CITIES FIND THAT MONEY GROWS ON TREES
August 2, 2005
From the wooded Northwest to the lush Southeast, the tree canopy of urban areas has declined because of development, bad weather, tree disease and inadequate tree maintenance, says USA Today. But cities are starting to treat trees like public utilities, since they can now calculate how much money they save by cutting air pollution, storm runoff and energy costs.
Recent studies found an average 30 percent drop in natural forest cover in major metropolitan areas over the past three decades. In response, more cities have adopted or toughened ordinances that protect trees, require them to be a part of development and provide incentives for homeowners to plant them, says USA Today.
The financial benefits of a "green infrastructure" include:
- Clean air by filtering pollutants and producing oxygen.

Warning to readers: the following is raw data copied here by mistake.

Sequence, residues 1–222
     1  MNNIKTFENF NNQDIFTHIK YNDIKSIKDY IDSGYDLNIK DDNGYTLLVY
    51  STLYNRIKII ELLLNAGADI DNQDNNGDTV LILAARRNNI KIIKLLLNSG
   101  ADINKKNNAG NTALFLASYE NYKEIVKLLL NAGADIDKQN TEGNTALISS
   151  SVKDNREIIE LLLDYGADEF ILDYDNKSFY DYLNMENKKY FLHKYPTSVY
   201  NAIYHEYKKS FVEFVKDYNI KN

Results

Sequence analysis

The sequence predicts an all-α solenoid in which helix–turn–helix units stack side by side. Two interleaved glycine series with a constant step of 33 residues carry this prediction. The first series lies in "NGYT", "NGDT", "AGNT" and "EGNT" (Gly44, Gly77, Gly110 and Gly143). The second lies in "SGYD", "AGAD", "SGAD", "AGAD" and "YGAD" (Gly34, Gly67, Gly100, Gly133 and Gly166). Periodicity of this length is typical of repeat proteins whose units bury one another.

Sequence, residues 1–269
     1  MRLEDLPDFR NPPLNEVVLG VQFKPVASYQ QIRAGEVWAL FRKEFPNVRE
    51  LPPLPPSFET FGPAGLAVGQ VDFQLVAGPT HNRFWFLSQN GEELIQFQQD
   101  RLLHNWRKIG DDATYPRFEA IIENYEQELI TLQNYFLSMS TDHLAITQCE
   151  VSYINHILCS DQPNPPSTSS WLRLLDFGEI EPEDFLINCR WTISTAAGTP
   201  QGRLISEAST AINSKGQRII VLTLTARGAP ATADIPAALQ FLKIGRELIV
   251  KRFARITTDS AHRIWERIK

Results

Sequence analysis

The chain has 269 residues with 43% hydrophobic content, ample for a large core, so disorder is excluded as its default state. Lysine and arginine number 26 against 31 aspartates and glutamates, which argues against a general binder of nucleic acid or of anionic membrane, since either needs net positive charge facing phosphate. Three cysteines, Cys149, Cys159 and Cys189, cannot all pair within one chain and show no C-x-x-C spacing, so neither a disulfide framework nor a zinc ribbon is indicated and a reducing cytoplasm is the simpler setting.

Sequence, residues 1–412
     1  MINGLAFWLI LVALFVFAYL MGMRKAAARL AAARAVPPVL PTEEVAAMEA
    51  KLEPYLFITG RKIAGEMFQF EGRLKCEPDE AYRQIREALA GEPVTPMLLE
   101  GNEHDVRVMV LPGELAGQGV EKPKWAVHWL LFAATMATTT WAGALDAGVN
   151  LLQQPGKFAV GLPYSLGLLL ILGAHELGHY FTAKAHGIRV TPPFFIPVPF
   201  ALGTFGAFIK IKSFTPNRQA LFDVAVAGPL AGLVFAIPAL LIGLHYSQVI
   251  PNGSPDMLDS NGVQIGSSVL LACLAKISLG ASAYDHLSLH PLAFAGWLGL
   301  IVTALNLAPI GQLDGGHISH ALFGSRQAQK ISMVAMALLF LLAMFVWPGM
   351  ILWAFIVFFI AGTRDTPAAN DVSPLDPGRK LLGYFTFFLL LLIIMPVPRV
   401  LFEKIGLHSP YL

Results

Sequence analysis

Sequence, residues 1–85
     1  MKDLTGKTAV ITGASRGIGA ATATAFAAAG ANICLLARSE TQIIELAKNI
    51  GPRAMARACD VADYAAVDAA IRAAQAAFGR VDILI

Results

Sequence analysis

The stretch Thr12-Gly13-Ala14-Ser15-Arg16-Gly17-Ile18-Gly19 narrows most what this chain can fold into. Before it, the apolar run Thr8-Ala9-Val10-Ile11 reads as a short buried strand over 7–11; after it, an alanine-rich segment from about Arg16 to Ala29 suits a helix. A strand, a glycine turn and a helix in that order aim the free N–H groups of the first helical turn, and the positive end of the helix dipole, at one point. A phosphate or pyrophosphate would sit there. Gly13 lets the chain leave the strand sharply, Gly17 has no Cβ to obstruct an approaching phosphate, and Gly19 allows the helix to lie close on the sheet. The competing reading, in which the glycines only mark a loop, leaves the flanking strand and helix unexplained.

- A reduction in the need for huge storm-water systems that prevent rain from washing oil, auto coolant, pesticides and other chemicals into rives and lakes.
- Lower energy costs by providing shade and cooling the air; two trees can save a person $55 a year in air conditioning bills.
Specifically in Roanoke, Va., a 25 percent increase in trees could save the city $27,965 a year in storm water control, says USA Today.
- In 2003, the city set a goal of reaching 40 percent tree canopy in 10 years; that's a 25 percent increase, or 188,000 more trees.
- The tree budget went from $10,000 to its current rate of $60,000 in 2003.
- Tree protection and planting is being encouraged by changes in landscape regulations, and state and federal agencies, land trusts and activists are encouraging residents to plant more trees and protect existing ones.
- Additionally, the city has launched a commemorative tree program.
Source: Haya El Nasser, "Some cities are finding money does grow on trees," USA Today, July 28, 2005; and Haya El Nasser, "Barren cities turn over a new leaf," USA Today, July 28, 2005.
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